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Winning the driver recruiting wars for gen Z talent

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If your company is having trouble hiring the drivers you need, you’re not alone. The American Trucking Association says there’s a national shortfall of 80,000 drivers, an all-time high, that could grow to 160,000 by 2030, especially with expected retirements of older drivers. The biggest need continues to be for over-the-road, long-haulers. Wouldn’t you like to bring on more drivers at the beginning of their careers?

Driver candidates have lots of options—joining another carrier, becoming an owner operator, or pursuing countless career opportunities outside of trucking. So you need new and different approaches to successfully recruit and retain good drivers, especially those 25 or younger—the so-called “Generation Z.”

We talked with Relay Payments Chief Marketing Officer David Barak for his insights addressing the current driver shortage and overcoming the unique challenges of hiring and keeping Gen Zers:

Compensation: It goes without saying that the pay and benefits you offer must at least be competitive. If you’re prone to paying your people the bare minimum you can get away with, read no further because none of the rest will matter. (There are plenty of other places you can find to reduce costs in your business—here’s an example of how large carrier Southeastern Freight Lines is saving big-time with Relay’s digital payment solutions.) Pay your drivers well or don’t be surprised if you can’t hire or keep them.

Company ownership: It can be powerful to enable each employee to become an owner of the company, at least in a small way. “At Relay, we have a philosophy that everyone here is an owner,” David says. “Your carrier company could do something similar. Small stock grants each year would come with a vesting period that encourages people to stay, and to benefit from the company’s success. It may be a nominal amount, especially in the beginning, but it says a lot about the relationship between the company and its people. Some carrier companies are now taking the same approach with their drivers and it’s working for them.”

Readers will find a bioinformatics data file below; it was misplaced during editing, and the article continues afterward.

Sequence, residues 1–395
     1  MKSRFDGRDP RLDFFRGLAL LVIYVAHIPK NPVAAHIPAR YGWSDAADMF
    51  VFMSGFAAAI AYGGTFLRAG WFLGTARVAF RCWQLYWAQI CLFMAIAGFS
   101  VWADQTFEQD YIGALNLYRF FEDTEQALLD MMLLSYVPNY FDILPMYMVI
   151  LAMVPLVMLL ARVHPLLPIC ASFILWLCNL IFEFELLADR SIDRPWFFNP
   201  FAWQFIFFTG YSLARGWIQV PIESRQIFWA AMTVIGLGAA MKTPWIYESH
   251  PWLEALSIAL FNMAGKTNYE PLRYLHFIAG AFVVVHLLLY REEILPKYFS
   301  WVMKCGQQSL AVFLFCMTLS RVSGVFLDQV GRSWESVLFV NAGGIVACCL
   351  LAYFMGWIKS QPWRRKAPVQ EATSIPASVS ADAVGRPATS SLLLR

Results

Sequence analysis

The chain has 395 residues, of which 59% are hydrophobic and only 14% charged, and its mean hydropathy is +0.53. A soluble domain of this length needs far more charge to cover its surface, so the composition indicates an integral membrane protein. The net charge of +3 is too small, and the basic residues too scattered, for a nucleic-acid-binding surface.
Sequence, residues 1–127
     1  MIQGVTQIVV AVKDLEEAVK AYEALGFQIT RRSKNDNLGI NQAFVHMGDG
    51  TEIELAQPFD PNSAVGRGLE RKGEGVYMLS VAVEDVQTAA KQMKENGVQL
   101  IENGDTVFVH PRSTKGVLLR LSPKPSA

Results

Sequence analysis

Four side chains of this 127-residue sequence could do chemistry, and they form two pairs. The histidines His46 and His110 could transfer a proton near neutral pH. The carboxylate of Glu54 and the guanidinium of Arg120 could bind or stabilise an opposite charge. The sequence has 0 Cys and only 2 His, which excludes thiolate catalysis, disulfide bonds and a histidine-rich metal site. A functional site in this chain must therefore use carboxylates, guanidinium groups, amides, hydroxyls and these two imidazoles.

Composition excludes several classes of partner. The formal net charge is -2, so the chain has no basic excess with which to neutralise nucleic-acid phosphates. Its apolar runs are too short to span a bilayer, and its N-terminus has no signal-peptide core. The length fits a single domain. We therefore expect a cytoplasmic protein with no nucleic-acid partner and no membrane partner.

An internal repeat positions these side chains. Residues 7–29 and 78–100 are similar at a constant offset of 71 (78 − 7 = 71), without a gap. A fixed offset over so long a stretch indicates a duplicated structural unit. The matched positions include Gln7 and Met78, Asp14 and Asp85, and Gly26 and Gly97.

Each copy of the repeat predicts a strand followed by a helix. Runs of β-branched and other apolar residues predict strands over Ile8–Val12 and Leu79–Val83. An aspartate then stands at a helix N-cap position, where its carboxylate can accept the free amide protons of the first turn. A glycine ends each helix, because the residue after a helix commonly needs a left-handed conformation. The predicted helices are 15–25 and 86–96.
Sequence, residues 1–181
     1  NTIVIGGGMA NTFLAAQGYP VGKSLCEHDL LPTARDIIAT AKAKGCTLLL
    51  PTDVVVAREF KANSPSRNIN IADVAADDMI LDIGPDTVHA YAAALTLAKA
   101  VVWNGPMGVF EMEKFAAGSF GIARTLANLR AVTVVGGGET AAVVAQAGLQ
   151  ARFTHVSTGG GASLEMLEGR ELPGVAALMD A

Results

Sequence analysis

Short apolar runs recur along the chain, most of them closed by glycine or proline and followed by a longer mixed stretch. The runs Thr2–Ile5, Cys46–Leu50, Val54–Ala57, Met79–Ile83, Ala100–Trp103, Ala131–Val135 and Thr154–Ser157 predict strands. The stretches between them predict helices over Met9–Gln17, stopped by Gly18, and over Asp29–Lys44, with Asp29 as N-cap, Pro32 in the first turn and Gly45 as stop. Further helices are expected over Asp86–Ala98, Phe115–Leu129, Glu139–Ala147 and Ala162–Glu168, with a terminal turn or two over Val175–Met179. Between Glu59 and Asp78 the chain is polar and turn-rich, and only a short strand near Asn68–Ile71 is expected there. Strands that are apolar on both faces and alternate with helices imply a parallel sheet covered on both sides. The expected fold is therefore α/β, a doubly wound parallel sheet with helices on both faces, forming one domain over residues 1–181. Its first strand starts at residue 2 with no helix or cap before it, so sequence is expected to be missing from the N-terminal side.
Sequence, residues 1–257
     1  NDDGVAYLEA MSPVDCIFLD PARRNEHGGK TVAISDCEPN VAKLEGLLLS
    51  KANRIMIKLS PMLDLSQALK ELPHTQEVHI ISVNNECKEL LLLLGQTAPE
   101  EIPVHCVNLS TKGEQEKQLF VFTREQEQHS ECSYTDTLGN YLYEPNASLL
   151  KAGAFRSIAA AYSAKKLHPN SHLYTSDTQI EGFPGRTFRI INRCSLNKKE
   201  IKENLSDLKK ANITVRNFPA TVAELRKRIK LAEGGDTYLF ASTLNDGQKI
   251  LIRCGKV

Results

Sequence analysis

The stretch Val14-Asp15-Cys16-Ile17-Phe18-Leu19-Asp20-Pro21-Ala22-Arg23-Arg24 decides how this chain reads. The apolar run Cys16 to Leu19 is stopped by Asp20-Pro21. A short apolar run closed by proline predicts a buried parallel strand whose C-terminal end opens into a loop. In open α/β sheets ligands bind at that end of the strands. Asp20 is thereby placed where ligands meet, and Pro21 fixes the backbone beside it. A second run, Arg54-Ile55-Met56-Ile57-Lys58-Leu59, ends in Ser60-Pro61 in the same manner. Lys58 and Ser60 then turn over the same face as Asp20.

Brand thinking: “Just as a trucking company works hard to build a successful brand in the marketplace, they can apply that thinking to appeal to young drivers,” David says. “First of all, get away from labels like ‘company drivers’ which can make people feel like the company wants to own them. That goes against the natural independence of the generation.”

Those in their young 20s understand the need to cultivate their own personal brand. “They don’t want to have their brand subsumed by the company brand. They want to feel the company is investing in each of them as a person and an individual brand,” he says. “Professional development opportunities should be readily available, and not put in place just to enable drivers to meet the organization’s goals but to help the individual driver meet his or her own professional and personal goals.”

Empathy: “Drivers of all ages want to know that the company management knows their job is hard and that they care about their drivers as individuals,” David says. “This should be apparent from the beginning, in the interview process. Rather than focusing on the question of why the company should hire the candidate, you flip the focus to what the company can offer the candidate both in terms of compensation and quality of life as well.”

Processes and technology: The work experience has to measure up to what the candidate heard in the interview, of course, or the new driver will soon be gone. “You don’t really know what you are in for until about the first three weeks on a job,” he says. “If a new driver finds the processes at a company clunky or onerous, don’t be surprised when they leave right away. The work experience should be easy to navigate and joyful or why should they stay?”

Technology is especially important to Gen Z drivers. “The 25-year-old is used to consumer-grade experiences without hassle or friction. Like tapping their credit card on the reader to check out at the grocery or coffee shop. No driver wants to be held up on the dock for a payment to be processed, and the younger generation that’s used to seamless experiences may have even less patience for annoying delays.”

To learn more about how Relay can help improve your drivers’ experience with digital payment solutions, click here.